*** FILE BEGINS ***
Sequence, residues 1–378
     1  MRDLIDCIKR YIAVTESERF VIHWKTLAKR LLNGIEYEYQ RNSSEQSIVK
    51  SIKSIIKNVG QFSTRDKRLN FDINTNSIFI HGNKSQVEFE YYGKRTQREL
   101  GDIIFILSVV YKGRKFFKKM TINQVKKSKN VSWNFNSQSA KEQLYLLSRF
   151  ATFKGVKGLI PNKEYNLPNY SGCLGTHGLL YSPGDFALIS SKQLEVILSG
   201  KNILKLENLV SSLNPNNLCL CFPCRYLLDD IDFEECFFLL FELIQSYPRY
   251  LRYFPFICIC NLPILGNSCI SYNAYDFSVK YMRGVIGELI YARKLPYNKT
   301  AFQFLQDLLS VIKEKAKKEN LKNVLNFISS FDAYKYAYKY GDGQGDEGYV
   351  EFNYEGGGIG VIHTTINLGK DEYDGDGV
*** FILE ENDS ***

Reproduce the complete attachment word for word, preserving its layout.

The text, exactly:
Sequence, residues 1–378
     1  MRDLIDCIKR YIAVTESERF VIHWKTLAKR LLNGIEYEYQ RNSSEQSIVK
    51  SIKSIIKNVG QFSTRDKRLN FDINTNSIFI HGNKSQVEFE YYGKRTQREL
   101  GDIIFILSVV YKGRKFFKKM TINQVKKSKN VSWNFNSQSA KEQLYLLSRF
   151  ATFKGVKGLI PNKEYNLPNY SGCLGTHGLL YSPGDFALIS SKQLEVILSG
   201  KNILKLENLV SSLNPNNLCL CFPCRYLLDD IDFEECFFLL FELIQSYPRY
   251  LRYFPFICIC NLPILGNSCI SYNAYDFSVK YMRGVIGELI YARKLPYNKT
   301  AFQFLQDLLS VIKEKAKKEN LKNVLNFISS FDAYKYAYKY GDGQGDEGYV
   351  EFNYEGGGIG VIHTTINLGK DEYDGDGV